Why this is effective: it’s easy to assume that some questions are too basic to bother answering on your blog. What you might be forgetting is what it was like when you were a beginner. Straight answers can be hard to find, and people are appreciative when you give them plan, simple answers to essential questions.
How to use this idea: think about your blog’s topic through the eyes of a beginner. What questions do beginners have? What haven’t you addressed on your site? What are other bloggers overlooking because it’s seemingly too basic?
- Idea: start some controversy.
Example: 17 cultural reasons why this European never wants to live in America by Benny Lewis
Why this is effective: sharing a bold position of yours can really get the discussion flowing. Some people might hate you, some will love you, and thoughtful people will connect with you because your post will be a great place for actual dialog and frank discussion.
How to use this idea: be careful with this. Don’t be controversial for it’s own sake. Make sure you actually believe what you’re saying, and make sure you show you’ve thought things through by addressing the opposite side of the discussion. Say what you agree with and what you don’t agree with, and then get ready for a little backlash. You’ll need some thick skin to pull this off.
- Idea: give away what other people charge for.
Example: 279 Days to Overnight Success by Chris Guillebeau
Why this is effective: blogging is an arms race. There are crazy people out there who pour hundreds of hours into a project and then give it away. For free. But even though these crazy people exist, it’s still the exception. When you give away something incredible, it can be a great attention grabber. Your readers will know you care.
How to use this idea: take your next product idea, or a product you’ve already developed but haven’t launched and give it away for free. Alternatively, you can use a pay-what-you-can model, or donate 100% of your profits to charity.
- Idea: call it like you see it.
Example: The Short and Sweet Guide to Being Fucking Awesome by Julien Smith
Why this is effective: as bloggers, many of us have trouble really speaking our mind and addressing topics like we really see ’em. Julien Smith doesn’t have this problem as much as the rest of us. He’s able to make bold statements with his posts and people respond.
How to use this idea: try writing about an issue you feel strongly about, and write the post like you’re talking to a close friend. Use the same language and passion you would in a comfortable conversation.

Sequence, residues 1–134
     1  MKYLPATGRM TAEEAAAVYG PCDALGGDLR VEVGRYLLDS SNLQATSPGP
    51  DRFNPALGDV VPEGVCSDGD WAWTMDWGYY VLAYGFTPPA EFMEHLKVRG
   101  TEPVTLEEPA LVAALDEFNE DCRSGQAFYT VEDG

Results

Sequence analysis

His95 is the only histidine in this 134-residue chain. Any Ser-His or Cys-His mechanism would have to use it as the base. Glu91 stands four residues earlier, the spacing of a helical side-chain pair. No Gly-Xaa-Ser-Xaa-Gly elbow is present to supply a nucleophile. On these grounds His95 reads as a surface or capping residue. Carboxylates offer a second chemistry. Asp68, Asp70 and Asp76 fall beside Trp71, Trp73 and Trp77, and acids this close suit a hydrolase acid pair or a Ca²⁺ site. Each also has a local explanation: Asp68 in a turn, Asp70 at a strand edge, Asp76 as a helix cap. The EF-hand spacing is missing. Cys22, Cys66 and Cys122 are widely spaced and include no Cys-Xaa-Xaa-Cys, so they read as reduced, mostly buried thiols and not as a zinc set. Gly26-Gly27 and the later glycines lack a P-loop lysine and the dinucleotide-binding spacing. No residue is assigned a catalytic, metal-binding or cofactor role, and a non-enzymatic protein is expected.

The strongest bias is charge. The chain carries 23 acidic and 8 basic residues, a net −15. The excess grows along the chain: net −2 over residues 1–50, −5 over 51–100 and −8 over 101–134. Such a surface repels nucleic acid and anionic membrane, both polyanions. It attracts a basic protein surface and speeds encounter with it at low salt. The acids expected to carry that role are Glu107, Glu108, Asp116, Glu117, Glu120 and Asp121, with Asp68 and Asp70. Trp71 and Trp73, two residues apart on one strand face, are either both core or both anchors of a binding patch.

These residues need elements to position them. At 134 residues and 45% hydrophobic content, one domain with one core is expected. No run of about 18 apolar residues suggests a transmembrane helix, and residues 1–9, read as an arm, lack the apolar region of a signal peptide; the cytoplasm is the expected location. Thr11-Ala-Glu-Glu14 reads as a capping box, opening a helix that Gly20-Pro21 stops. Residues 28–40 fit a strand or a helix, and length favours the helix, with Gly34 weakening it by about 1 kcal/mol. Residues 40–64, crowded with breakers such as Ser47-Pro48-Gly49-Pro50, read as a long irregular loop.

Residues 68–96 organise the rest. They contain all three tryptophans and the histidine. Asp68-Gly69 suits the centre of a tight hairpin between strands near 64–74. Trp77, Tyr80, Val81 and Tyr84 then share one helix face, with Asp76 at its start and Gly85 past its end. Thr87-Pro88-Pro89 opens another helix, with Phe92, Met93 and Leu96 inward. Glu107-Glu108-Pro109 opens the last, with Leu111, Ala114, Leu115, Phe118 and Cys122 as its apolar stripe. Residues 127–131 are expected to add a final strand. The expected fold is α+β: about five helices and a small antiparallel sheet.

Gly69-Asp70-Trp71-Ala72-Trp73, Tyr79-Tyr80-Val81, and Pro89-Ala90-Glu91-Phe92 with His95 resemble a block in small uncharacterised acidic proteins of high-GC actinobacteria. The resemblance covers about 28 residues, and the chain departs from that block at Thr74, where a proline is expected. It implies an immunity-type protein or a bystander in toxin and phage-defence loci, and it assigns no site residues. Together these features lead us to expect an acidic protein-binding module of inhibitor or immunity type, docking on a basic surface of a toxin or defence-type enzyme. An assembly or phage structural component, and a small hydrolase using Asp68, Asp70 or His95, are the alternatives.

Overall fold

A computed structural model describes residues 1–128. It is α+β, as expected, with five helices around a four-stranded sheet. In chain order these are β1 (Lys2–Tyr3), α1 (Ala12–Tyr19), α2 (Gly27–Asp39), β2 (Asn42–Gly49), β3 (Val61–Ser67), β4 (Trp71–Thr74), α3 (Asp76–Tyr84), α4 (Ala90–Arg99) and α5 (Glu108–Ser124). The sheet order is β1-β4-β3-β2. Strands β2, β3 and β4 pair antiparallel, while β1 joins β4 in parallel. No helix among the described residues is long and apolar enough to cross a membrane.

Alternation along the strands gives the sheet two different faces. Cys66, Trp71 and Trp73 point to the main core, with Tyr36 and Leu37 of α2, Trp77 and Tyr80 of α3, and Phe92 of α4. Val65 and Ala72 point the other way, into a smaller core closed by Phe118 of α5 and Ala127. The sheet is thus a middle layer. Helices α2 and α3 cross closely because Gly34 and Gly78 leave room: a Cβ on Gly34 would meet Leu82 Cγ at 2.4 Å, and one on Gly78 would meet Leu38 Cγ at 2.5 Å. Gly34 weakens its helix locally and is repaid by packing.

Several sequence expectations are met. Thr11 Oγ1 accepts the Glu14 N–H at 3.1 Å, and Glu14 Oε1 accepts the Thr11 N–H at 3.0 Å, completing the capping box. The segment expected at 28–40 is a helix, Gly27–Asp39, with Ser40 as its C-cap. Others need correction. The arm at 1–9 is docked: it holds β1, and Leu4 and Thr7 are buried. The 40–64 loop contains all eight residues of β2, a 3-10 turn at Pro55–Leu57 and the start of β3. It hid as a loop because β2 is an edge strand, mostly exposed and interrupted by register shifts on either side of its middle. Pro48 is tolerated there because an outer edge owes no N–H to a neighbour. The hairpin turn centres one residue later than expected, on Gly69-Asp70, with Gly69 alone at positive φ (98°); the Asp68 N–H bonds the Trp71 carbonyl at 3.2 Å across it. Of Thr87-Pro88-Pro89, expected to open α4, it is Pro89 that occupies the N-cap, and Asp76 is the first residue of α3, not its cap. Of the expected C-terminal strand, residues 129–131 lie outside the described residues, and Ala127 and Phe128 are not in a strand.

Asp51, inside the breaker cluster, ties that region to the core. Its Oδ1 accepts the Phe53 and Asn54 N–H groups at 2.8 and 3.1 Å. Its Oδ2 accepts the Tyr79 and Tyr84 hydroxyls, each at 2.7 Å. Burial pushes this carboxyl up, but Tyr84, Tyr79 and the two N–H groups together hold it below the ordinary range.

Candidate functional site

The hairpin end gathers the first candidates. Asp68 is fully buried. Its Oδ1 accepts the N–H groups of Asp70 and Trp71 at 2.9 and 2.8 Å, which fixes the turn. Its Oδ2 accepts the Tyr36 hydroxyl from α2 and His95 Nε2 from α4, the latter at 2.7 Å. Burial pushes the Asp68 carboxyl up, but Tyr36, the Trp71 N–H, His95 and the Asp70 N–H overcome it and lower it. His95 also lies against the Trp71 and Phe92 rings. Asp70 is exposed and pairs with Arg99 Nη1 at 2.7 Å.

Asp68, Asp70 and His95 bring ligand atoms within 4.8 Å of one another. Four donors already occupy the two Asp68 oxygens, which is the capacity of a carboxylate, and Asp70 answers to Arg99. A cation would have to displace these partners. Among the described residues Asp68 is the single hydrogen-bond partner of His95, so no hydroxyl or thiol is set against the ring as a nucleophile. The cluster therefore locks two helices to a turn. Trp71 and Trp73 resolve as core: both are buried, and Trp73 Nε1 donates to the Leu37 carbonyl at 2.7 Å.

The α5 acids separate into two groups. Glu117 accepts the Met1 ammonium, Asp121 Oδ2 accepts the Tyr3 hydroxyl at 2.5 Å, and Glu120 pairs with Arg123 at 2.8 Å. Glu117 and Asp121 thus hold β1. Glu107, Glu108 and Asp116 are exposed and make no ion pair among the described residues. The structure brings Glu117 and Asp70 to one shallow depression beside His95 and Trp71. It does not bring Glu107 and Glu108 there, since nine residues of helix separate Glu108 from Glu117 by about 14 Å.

- Idea: crowdsource an alternative view.
Example: Map: The United States of GOOD Beer by Nicola Twilley and Dylan C. Lathrop
Why this is effective: in this post from the folks at GOOD, they took a mainstream post a newspaper had run about beer and asked their readers to nominate their favorite beers. The result is a cool map of great independently owned craft breweries across the U.S.
How to use this idea: your readers probably aren’t mainstream. They read your blog, and that makes them interesting and unique. Try taking a poll or survey done by CNN or a major newspaper and ask your readers what they think about it. Share the results and talk about how they’re different from the mainstream results. You and your readers will both learn something. Bonus tip: include a graphic to make the resulting data more useful and interesting.
- Idea: create a collection of awesome blog posts.
Example: this post OK, admittedly this one isn’t so “uncommon,” but it still definitely works.
Why this is effective: the Internet has become incomprehensibly large. When you pull together lots of good stuff all in one place, your readers appreciate the effort you put in. They’ll thank you for the recommendations. As a side benefit, you may also get the attention of the bloggers you link to in the post.
How to use this idea: take one of the core topics your blog normally covers and look for great solutions and advice that exists elsewhere on the web. Compile the posts and include a quick explanation and useful tips for your readers.
How About You?
What ideas have you used to create popular blog posts?
What commonalities do you notice in really great blog posts?
photo by thorinside